The first floor walkway overlooks a set of comfortable leather seats on the lower ground floor, with people reading under soft lighting and a warm orange colour scheme. The main entrance hall eventually leads out into a stunning courtyard. People play table tennis in the communal grounds, fountains flow and the benches are occupied by people chatting idly over lunch or reading newspapers, all the while surrounded by multi-storied terrace housing. To the right, the tower blocks pierce the skyline, the balconies jutting out with beautiful metronomic precision. This small peaceful square seems to realize the Smithson’s utopian dream. While it doesn’t give a true representation of what Brutalism came to mean for the general public it’s a nice thought nonetheless.
Though dated and unfashionable by today’s standards, The Barbican Centre does not deserve the title of London’s ugliest building, and the scorn that has become associated with the appearance of the Barbican Complex itself seems to me to be undeserved. Just as conceptual art may not always seem as easy on the eye as a renaissance masterpiece, is it fair that we judge them both purely on aesthetics? Surely the point of conceptual art, whether painting, sculpture or architecture is we appreciate the idea behind what we see. While Brutalism may have failed nationwide in its experiment to bring societies closer together, The Barbican Complex stands proud as a working monument to the ethics of the style.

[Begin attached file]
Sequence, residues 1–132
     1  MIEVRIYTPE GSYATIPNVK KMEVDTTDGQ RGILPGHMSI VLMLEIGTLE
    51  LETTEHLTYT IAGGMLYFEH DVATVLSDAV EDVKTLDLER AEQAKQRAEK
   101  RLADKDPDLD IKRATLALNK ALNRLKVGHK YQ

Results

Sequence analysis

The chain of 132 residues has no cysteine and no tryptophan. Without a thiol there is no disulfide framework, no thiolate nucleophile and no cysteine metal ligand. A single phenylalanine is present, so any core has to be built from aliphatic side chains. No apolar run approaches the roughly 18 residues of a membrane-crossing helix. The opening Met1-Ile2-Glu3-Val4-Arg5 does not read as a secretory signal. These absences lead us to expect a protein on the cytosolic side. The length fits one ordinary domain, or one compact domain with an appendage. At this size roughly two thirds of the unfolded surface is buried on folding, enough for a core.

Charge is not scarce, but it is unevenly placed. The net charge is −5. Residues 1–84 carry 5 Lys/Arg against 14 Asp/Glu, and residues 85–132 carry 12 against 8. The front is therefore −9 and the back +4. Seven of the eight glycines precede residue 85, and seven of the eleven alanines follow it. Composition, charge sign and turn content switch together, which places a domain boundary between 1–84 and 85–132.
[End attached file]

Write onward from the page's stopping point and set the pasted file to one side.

Thankfully (or regrettably depending on your viewpoint) Brutalism has had something of a renaissance in recent years, in London especially. The Brunswick Centre in Bloomsbury, a former council estate which felt the full vitriol of the modernist backlash, is now a fashionable shopping centre complete with upmarket boutiques and an independent cinema. The Barbican Centre is now a grade II listed building and a recent one-off tour by London’s Open City Architectural Society around Erno Goldfinger’s Brutalist ‘Trelick Tower’ in Chelsea was fully booked within minutes. Let’s hope this renewed interest leads to Brutalism, and in particular The Barbican Complex, getting the credibility it deserves.
Click here for more stories about Life
Click here to follow Sabotage Times on Twitter
Click here to follow Sabotage Times on Facebook